You’ve heard plenty of times (whether from a family member or a dramatic scene of a TV series): “I may need to take out a mortgage on my home.” Have you ever wondered what that actually means?
Why would you take out a loan for something that’s already yours, right? Or is your home really a gold mine you can take extra money on? This may or may not be foreshadowing, by the way. Let’s break down what this phrase can mean though.
Second mortgage vs refinance
Knowing the difference between these two is important. In order to understand the phrase “taking out a mortgage on a home you own” fully, you’ll need to know that people are generally talking about one of these two options.
Take note: These are not the same thing.
While in general conversation some may think this is interchangeable, it is not.
With a non-purchase ‘second mortgage’, you are taking out a loan against the equity you have already accumulated. Meaning, you have paid down your existing first mortgage, and/or your home’s value has increased. The reason it is referred to as a second mortgage is because it is secured against your home, sitting in ‘second position’ behind your existing, first mortgage.
On the flipside, with a first mortgage refinance, you are refinancing your current, first mortgage on your home in order to either lower your interest rate, or do a cash-out on the equity you’ve earned. Meaning, you’re re-working the loan you are currently in the middle of paying and either lowering the interest rate (to now have a lower monthly payment on your home), or cashing out on the equity you’ve built up by your consecutive payments. Yes, that does mean more cash in your hands.
Loan against equity
If you’re looking to go the route of a second mortgage with taking a loan against the equity, be sure that this is the best option for you.
After you’ve determined if this option works for your budget, you’ll just need to follow a few steps for this one:
- Decide between a Home Equity Line of Credit (HELOC) or a basic home equity loan (sometimes referred to as a ‘closed-end second’).
- Discuss a home appraisal with your local lender to see how much equity you have to tap into
- Let them take you through the rest of the process
It might not be a bad idea to consult a financial professional to be sure you get a clear picture on how this might affect you in the long run. With a second mortgage, you are adding a payment into your monthly budget. However, if this does seem to be the right route for you, it can be a great option to utilize the full access of equity that you’ve built up in your home now that it’s yours.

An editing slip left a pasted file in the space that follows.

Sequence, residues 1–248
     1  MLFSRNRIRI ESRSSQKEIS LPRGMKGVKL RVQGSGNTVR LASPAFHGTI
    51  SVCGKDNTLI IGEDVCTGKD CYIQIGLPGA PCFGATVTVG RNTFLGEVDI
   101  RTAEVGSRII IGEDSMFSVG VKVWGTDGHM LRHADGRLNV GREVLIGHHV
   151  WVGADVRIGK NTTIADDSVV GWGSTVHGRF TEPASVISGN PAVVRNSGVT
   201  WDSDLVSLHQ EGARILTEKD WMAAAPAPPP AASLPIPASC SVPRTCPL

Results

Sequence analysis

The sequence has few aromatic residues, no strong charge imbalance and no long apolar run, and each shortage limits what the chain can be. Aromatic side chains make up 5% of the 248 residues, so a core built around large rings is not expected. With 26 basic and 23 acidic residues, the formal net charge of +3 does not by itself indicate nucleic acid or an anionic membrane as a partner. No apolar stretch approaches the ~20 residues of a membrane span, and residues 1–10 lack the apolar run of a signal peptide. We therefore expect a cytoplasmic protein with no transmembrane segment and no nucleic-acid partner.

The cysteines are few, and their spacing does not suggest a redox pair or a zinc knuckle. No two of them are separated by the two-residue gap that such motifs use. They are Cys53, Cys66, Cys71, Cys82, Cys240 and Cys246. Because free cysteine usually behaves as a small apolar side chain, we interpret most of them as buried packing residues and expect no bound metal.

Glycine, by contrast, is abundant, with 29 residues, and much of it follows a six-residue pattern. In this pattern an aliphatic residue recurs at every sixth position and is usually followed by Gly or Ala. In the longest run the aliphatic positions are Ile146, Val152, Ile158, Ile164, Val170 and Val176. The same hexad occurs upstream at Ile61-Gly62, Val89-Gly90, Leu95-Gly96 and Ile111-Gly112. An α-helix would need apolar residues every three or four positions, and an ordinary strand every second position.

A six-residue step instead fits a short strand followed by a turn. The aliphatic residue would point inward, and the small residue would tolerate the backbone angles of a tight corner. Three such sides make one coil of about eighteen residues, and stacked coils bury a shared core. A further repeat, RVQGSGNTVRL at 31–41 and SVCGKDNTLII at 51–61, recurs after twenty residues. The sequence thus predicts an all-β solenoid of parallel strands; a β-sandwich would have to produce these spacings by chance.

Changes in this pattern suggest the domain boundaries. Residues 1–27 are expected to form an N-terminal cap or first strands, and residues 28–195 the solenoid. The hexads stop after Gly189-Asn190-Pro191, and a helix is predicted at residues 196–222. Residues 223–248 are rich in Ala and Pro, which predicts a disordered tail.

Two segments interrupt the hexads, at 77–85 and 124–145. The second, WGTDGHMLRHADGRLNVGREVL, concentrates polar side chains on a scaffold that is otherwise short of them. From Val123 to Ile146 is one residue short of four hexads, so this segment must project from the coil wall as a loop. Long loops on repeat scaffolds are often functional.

A cash-out mortgage can be a great option during the life of your loan. While there are several refinance options, this one is unique. Not only that, if you time the market right, you may be able to get a better rate on the newly, refinanced loan. But also because you can tap into your home’s equity.
What does that mean? Cold, hard cash. Right into your pocket. This can be an extremely helpful decision when you’ve found yourself in a situation needing additional finances in your budget. Whether it be college funds, renovations or side projects, a cash-out refinance mortgage can be a great tool to tap into your equity.
In order to inquire about a cash-out mortgage, just talk to a loan officer. They’ll be able to walk you through applying and seeing if you qualify.
So how does this seemingly magical equity work?
As described by The Balance, home equity is “the portion of your property that you truly ‘own’.” Essentially, it’s the part of the home’s value you’ve paid for. Meaning you now have an asset (or at least part of one) under your belt that is worth a good chunk of change. Just like most other items, if they’re worth a certain amount, you can cash in on them to access what it’s worth. In this scenario, you’re taking out a loan on it.
When you start making payments toward your mortgage, it’s not just going to pay off a debt. You are, with each payment, also paying towards a large investment – a house. A house that is worth a lot of money. Which you’re probably aware of by now considering the price tag you had to agree on for it.
Whether you’re looking at a cash-out refinance on an investment property or one on your everyday home, this can also be a helpful option to get cash out for outside, large payments that have come up. Regardless of the type of property, it’s now your equity to use. For an emergency or not.
You can take a look at your situation to determine if refinancing is worth it. More times than not, it probably is. Especially when rates in the market are looking great and dropping. But be sure to communicate with a local loan officer to help you decipher and decide.